The summer after first year was filled with work – paid work, and library work. I was surviving on five or six hours of sleep a night and spending the day in the university library. I spent the summer in Dublin so I could keep up my job and my library schedule intact. I read for my courses, and I read for my soul. I read all of Shakespeare’s plays and Tolstoy’s War and Peace. I still loved reading. My first year results were good. I didn’t get a first, but neither did anyone else on my course for that year, so I felt like I had done well. I won a prize for one of my courses, but when I went to collect it they said that it had already been issued and they couldn’t give it to me again. It had been book tokens. They re-printed the certificate, though, which I kept as a reminder that I was not, contrary to how I felt, stupid.
I had worked all summer so that I would not have to work during the first part of the year. The scholarship exams were in April, and term started in October. I had seven months to win the scholarship, and €100 a week to get me there, after rent. For lunch in my first year, I had bought a cup of boiling water (€0.35) and mixed a packet of powder soup into it. This year, I could buy a scone with jam (€1) for lunch. Life was good.
But studying for the scholarship exams was tough. You had to re-learn everything from the first year, including things I hadn’t especially understood the first time around, plus everything in the second year, including courses that hadn’t yet been taught. I went about it the only way I knew how. I read everything, learned quotes for everything, read critics’ essays and learned quotes from them. Somewhere along the way, I had lost any idea of having a critical thought myself.
While I ploughed the bibliographical furrows most the day, the lectures were increasingly disconnected from anything I had ever thought about literature, and the seminars left me feeling more and more out of my depth. I could not have spent more time in the library, but my ideas were all wrong. I had to give a presentation in one seminar. About halfway through my five pages of painstakingly prepared notes, the seminar leader interrupted me, shaking her head and saying, ‘no, no, no! You have got it all wrong. You haven’t thought about it at all.’
I had read all the books, but couldn’t understand a thing. It was the intellectual equivalent of ‘all the gear, no idea.’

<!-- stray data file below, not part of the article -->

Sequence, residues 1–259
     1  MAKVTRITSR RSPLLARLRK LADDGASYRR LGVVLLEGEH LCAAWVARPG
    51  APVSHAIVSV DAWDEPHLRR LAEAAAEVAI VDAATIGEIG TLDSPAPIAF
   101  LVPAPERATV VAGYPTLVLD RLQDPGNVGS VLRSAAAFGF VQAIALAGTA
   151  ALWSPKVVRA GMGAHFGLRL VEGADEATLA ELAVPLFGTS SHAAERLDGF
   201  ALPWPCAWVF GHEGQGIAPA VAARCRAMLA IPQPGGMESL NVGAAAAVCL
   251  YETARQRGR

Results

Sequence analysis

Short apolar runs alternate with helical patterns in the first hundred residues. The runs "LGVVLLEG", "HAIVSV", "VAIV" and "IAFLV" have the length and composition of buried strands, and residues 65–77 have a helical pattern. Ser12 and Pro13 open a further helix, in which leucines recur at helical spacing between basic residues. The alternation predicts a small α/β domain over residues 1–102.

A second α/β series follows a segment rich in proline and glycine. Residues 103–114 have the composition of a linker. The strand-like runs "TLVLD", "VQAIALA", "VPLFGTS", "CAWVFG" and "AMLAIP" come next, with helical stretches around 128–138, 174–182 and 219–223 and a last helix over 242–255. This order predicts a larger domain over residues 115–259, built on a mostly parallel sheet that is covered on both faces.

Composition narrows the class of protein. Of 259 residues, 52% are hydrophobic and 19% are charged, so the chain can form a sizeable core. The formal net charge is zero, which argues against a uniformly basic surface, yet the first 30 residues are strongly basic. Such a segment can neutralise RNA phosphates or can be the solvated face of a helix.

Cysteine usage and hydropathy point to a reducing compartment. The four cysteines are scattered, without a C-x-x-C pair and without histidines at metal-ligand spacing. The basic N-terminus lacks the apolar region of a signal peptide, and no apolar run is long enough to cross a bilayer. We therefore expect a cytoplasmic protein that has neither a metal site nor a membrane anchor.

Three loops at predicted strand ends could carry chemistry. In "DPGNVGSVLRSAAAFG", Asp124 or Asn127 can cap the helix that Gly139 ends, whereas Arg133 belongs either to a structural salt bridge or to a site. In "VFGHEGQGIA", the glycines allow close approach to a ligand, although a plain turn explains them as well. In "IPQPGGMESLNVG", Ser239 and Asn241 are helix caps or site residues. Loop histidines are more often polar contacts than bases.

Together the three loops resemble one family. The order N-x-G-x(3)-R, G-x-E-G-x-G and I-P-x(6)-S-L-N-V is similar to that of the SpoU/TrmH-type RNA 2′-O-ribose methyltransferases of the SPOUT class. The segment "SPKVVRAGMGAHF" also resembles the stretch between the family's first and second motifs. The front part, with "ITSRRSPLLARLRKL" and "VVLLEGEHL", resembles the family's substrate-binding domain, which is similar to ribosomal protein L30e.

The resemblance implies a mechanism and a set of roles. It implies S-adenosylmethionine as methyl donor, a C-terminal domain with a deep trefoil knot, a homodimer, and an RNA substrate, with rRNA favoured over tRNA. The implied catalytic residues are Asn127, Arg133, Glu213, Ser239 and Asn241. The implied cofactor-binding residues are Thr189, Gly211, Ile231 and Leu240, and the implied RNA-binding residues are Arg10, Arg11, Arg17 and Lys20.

That said, I felt confident when the exams came around. I couldn’t help but feel confident. No-one else had spent the whole summer in the library. Some people had only started putting serious library time in from January. But I had always been in the library, and, like the slow and steady tortoise, I thought that would work. More than that – it had to work. I had to win the scholarship, and be free from financial stress; be able to eat lunch with my friends who I would surely make and keep when I could go out with them occasionally or buy them a coffee in return for the ones they had bought me. I went into that exam hall – huge and daunting, decked with immense portraits. I had my exam rituals and my lucky pens. I had read everything.
Immediately after the scholarship exams ended, I contracted the worst illness I’ve ever had. My body completely collapsed. But I had to work. With high fever, I worked two jobs under a ‘trial’ basis, only able to keep my tips. I collapsed and was sent home from one, and I stayed in bed and didn’t show up to the other one, which I had forgotten I had.
The day of the announcement came, and I had never been more nervous. I had managed to get a new job, and skilfully managed to get the day off. I silently hoped I would not return to the job, but would spend out my ‘emergency fund’ the rest of the year, safe in the knowledge my rent was paid for the following two years, and more if I did a PhD as I dreamed I would. I remember hanging around the English department with another hopeful before the ceremony started. The Head of English came out, and stopped. He looked at my friend. ‘You’re Tom,’ said the Head of English. ‘I am,’ he replied. The Head of English nodded and continued walking. He hadn’t said anything to me. That’s when I first thought: maybe I haven’t won it.
As it turned out, neither of us had. The long list of names was read out, and I stood with the others at the back of the hall, increasingly despondent. Afterwards, we crowded to the board to see our results. All the English hopefuls, five of us, had got 2.1s – enough to not have to take the summer exams that year. But none of us had reached the magic first – the 70% needed to secure a scholarship. The Head of English sidled up to us. ‘No Scholars in English this year,’ he said, shaking his head. ‘It’s a real shame.’ Given that he had marked the papers, we felt his expressing this sentiment was a little inconsiderate.
In the two months after finding out I hadn’t won a scholarship and was exempt from all exams, I both worked and slacked. I did not go to lectures. I did not go to seminars. I did not go to the library. I did, however, go to the university newspaper. I met some people and started to write. I hung around and hoped I could find a place there.
You can read about my first year at university here, my third year of university here, my fourth year of university here and my fifth year of university here.
Pingback: First Year (or: why I didn’t drop out in the end) | Reading all the Books
Pingback: Third Year (or: I stopped going to lectures) | Reading all the Books
Pingback: Fourth Year (or: I had to pass) | Reading all the Books
Pingback: Fifth year (or: how university should be) | Reading all the Books